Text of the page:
Institutional corruption has existed in the Russian Empire since ( and probably before) the time of Peter the Great and was regularly written about in the master pieces of Chekhov so it is not a follow-on from the Communist era. During this era it was common practice for example in grocery stores where sugar was sold damp to increase the wieght or the scales were 'fixed' to add wieght and the surplus was sold as 'specials' for birthday celebrations, weddings and the like. This was 'bizness' an expression that continues to this day.
But corruption is not exclusive to this part of the world as it was pretty rampart around the world but in recent times much of the western world has managed to vanquish it.
However some western institutions in Ukraine are inadvertently, niaively or unwillingly helping to perpetuate corruption in their organisations. This knowledge is based on our 20 years of experience of operations in the real estate market here.
Major western institutions are repeatedly and justifiably complaining about Ukraine's failure to address this issue with any fortitude. But some western organisations operating in Ukraine should look at the situation inside their own organisation to see if some level of corruption continues 'at home'.
To discover if your organisation is possibly inadvertently helping to perpetuate some form of corruption internally here are some methods to check it for a selection of some business enterprises.
At Pickard we have run a successful valuation service for nearly 15 years for a select number of international clients either directly or via our international partners. However until relatively recently very few local banks used our services because to join a banks list of accredited valuers often necessitated paying the bank's decision maker a reasonably large amount of cash. Which is possibly why if a check is made on a bank's list of accredited valuers there were often few recognisable names listed there.
The 'scam' usually went something like this:
- you pay the accreditor to get accredited
- anybody applying for a mortgage (loan) had to use a valuer from the accredited list
- for a 'bung' to the valuer, who is paid by the borrower, he would value the loan collateral by up to a 20% (and more) premium.
This was why when the property market turned 'sour' the banks had a significant problem although they initially thought they were safe as they had only loaned 70% of the collateral value. Oops!
If the real original value was 100 but the accredited value was 120 and the bank had loaned 70% of 120 (84) but real prices had dropped by 40% the real collateral value was only 60. Again oops!
Generally acquisitions or leasing of embassy premises are handled by special representatives from the relevant central government department so there is little to no opportunity for 'fiddling' in this specific section. However leases for residential accommodation for diplomats are usually handled by local staff employed by the embassy and for this particular sector the situation can be somewhat different.
The relevant person assigned to find suitable residential accommodation has often been responsible for sourcing this for a number of years and is often perceived to be doing a credible job so little changes as diplomats come and go; so an attitude of 'it ain't broke don't fix it' persists.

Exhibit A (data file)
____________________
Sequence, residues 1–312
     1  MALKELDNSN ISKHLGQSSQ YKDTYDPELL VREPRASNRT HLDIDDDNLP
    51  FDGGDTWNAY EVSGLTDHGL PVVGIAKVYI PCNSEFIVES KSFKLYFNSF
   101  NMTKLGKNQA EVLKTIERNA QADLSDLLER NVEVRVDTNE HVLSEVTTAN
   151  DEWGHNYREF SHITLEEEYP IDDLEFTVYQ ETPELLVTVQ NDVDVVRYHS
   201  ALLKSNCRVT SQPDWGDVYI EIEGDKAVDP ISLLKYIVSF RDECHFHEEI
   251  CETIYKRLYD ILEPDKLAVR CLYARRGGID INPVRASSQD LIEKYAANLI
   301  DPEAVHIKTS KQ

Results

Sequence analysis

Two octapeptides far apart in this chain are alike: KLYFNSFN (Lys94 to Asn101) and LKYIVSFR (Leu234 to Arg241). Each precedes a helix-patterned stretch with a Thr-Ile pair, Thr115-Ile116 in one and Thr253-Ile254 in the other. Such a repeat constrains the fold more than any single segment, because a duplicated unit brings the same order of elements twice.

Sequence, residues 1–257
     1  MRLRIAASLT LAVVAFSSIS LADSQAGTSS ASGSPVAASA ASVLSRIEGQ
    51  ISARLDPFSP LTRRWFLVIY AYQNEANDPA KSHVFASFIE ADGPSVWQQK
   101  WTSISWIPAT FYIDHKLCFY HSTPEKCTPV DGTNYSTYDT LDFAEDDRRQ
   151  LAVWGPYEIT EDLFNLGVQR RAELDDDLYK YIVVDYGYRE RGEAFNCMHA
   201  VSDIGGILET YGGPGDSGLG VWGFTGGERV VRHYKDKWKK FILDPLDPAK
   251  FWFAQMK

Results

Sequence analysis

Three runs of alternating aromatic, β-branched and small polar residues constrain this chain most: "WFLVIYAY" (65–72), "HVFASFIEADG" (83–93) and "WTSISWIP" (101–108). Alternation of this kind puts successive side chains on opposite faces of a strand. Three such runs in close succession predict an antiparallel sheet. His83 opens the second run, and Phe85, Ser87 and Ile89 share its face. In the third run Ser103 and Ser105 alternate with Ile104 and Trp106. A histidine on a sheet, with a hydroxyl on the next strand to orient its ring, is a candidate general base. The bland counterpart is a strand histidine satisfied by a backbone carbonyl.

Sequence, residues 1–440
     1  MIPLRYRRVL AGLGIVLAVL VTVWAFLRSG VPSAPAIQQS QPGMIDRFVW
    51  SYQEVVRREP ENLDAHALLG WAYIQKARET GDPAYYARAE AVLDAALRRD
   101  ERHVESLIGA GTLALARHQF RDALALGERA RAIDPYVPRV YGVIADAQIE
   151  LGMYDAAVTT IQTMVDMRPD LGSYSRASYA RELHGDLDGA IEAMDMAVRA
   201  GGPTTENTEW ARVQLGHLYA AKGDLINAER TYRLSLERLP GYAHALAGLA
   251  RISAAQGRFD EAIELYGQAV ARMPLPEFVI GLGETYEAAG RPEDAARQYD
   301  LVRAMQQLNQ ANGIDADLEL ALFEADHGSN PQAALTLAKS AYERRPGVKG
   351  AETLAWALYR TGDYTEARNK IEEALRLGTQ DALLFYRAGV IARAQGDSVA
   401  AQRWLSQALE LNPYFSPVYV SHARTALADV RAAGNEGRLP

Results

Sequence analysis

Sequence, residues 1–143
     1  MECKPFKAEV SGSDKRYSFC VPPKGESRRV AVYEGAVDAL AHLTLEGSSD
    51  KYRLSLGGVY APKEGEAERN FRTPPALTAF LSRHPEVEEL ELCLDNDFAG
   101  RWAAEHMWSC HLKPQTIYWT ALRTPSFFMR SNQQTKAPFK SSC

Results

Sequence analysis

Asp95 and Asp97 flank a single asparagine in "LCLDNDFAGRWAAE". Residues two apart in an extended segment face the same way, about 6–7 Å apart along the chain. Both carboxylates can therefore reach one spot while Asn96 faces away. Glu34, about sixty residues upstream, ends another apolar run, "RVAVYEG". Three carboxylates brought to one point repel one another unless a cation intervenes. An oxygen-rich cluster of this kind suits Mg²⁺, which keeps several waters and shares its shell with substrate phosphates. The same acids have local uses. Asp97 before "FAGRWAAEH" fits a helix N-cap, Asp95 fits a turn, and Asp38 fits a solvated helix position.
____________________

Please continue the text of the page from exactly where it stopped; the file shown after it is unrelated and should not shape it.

However if a small scam exists in these circumstances it usually occurs in this fashion. The relevant person often has a friend or relative who is a residential real estate 'expert' and the major part of the sourcing of residential requirements are passed to this individual. The embassy pays this agent the normal fee for this type of service, 50% of one month's rent but this agent pays 50% of this fee back to the embassy employee that engaged him on an almost exclusive basis.
Occasionally other agents are used to support the pretence of an 'open market'.
Now this is where the real 'honey pot' is. In international companies operating in Ukraine the local staff tend to stay while the expat management regularly get rotated in 3 to 5 year shifts which the locals are well aware of. So in some international companies there is created a sort of internal mafia that keeps control of matters inside the company especially in the purchasing/ acquisition department where the real money can be made. Those that do not want to participate in this rip off are cajoled into at least staying silent.
The bonus money comes when a company needs to relocate their offices and usually works like this; possibly a tender for relocation services is issued to several real estate agencies and the replies are received. The officer responsible views the offers and then asks each agency to reconsider their proposal but the selected agent is advised of the offers received and has the opportunity to lower their price to win the tender and the informative officer is given a bonus for their help.
This scheme is most prevalent where the expat general manager decides not to be involved or where the corporate head of property decides for whatever reason to leave to the local staff.
It continues to surprise me that in a country where unfortunately corruption is rife and regularly commented on that so little is actually done to try to stamp out these little 'tricks'. A few simple checks could easily be done to check if your operation is being cheated.
In western economies most valuers have to have FRICS certification &/or professional indemnity insurance do your accredited valuers have these?
Do most of your residential apartments come from one specific agency?
The general manager or their corporate property head should take the lead role in tendering for these services.